How do the regional parks and national forests in WNC affect wages in the surrounding areas?
TEAM 7 – Outdoor Recreation Research
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- How do our regional parks and national forest recreation opportunities play into the low wages in WNC?
- Since our environment draws tourism in the forms of hiking, fishing, rafting, hunting, etc., how does that industry either promote or hinder living wages?
Summary of Research Findings:
The sectors of businesses and organizations that benefit from the national parks, national forests and outdoor areas contain a wide variety of business models. Living wage means something different to each business model and is sometimes applied differently. If the living wage is not initiated with the initial business plan it is very difficult to implement it at a later date. Several organizations were unwilling for their wage and benefit information to be distributed due to confidentiality concerns. This may present a barrier to a frank discussion going forward.
Organizations supporting the outdoor industry (Chamber of Commerce) often pay living wages to the majority of employees although they have not addressed the issue of living wage per se. National forests support living wage jobs outside of recreation such as the paper and pulp industries. However, outside of the production of paper, most industrial jobs created by these industries are not paying living wages. Although some of the jobs in this sector may pay higher wages, much of the work opportunity tied directly to outdoor recreation (rafting, fishing etc) is seasonal in nature. Some organizations are able to pay a living wage and furnish benefits for a smaller number of year round staff. Likewise, some living wage paying jobs (like server) are indirectly affected due to the seasonal fluctuation of tourism supporting their establishment and may not offer health benefits. Local outdoor/recreation industry manufacturers can avoid this seasonal affect by doing national/international business and are thus more capable of supporting a living wage and full-time employment.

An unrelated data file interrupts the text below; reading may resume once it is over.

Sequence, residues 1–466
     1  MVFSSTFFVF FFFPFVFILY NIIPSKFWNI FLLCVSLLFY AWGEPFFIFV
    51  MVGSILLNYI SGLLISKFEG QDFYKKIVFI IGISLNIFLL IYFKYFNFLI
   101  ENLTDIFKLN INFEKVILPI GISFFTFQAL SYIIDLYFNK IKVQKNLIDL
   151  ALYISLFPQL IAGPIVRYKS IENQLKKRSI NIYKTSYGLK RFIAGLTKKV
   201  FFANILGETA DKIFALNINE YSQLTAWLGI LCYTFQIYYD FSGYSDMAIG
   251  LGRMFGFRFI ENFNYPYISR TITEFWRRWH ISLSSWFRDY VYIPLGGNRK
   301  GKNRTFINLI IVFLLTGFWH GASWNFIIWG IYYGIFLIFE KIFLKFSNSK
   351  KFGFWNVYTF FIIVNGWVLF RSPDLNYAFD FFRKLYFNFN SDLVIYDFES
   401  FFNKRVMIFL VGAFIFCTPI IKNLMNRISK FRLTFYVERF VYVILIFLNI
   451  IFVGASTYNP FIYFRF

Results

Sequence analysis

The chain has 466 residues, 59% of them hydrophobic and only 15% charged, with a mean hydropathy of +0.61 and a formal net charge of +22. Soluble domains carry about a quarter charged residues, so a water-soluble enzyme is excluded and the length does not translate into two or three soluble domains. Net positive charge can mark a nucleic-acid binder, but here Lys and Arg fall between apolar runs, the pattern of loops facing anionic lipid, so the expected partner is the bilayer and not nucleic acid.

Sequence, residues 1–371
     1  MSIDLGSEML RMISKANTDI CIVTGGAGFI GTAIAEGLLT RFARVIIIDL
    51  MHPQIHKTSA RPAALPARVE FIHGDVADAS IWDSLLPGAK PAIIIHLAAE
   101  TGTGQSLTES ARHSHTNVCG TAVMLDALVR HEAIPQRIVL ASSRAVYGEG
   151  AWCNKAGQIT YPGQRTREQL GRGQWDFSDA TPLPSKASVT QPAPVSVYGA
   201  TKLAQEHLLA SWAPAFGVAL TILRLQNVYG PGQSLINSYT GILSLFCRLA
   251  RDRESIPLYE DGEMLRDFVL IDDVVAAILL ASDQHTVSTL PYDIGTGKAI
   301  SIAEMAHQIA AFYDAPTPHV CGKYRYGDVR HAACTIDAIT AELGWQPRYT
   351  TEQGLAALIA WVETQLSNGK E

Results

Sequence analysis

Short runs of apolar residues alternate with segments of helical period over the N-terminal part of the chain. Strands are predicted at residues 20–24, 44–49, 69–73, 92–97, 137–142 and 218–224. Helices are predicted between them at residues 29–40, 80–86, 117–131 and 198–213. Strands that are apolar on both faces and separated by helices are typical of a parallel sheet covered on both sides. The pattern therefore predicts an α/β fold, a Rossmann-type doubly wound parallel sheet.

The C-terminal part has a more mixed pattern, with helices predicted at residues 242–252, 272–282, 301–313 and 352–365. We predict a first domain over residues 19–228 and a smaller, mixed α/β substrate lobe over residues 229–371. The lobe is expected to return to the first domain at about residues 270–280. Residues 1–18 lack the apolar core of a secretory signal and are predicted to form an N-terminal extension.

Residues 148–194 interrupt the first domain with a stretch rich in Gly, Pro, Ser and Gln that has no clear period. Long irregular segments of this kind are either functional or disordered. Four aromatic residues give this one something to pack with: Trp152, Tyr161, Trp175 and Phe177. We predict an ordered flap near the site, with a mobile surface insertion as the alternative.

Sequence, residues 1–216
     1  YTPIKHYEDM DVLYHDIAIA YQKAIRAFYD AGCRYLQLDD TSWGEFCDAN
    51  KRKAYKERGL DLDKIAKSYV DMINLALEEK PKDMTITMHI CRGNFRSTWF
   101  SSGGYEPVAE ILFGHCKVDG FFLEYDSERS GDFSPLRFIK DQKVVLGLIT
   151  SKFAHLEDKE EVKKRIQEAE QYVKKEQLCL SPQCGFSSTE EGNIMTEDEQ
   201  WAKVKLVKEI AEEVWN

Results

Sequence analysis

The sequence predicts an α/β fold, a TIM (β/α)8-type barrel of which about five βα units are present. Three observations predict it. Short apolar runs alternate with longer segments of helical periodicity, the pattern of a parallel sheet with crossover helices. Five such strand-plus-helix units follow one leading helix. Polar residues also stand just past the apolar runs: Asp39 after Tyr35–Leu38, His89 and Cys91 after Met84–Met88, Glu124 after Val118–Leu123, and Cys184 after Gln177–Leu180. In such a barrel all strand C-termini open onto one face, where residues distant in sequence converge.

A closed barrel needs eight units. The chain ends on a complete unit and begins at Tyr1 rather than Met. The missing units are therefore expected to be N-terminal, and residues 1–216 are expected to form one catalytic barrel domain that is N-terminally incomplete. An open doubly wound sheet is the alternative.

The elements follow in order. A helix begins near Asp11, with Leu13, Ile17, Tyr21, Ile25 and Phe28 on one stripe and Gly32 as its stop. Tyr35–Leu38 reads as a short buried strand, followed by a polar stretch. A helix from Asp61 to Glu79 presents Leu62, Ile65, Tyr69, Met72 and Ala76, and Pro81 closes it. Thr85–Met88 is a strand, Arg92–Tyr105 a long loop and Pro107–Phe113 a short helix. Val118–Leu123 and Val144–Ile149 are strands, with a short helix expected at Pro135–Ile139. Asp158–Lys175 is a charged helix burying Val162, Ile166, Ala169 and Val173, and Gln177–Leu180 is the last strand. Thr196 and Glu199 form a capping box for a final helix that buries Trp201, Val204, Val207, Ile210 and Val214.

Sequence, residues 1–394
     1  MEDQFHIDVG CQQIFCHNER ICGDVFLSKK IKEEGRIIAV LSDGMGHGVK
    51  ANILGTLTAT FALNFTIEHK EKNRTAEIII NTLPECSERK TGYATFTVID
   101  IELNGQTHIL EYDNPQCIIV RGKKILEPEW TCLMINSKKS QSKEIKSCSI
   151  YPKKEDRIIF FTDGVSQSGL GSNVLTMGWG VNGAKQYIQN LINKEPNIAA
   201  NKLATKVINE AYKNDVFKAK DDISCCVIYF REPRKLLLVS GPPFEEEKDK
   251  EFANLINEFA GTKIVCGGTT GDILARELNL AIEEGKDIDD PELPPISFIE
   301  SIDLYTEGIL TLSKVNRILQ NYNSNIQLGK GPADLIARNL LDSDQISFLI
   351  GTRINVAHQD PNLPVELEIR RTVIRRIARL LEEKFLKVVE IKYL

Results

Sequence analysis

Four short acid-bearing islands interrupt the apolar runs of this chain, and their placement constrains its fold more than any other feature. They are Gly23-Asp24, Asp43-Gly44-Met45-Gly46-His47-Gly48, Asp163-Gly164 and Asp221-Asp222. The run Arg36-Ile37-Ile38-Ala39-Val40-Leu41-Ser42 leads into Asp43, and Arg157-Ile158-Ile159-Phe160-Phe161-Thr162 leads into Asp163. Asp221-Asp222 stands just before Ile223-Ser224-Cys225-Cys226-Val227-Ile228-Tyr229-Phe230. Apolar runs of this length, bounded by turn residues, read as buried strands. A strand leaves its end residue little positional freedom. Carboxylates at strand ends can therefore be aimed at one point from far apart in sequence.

The natural resources in more rural counties have led to the creation of many “heritage tourism” jobs that provide self-employment or very small business opportunities. Some of these jobs pay better than living wage, but tracking that information, due to the self-employment nature of the jobs, has proven difficult.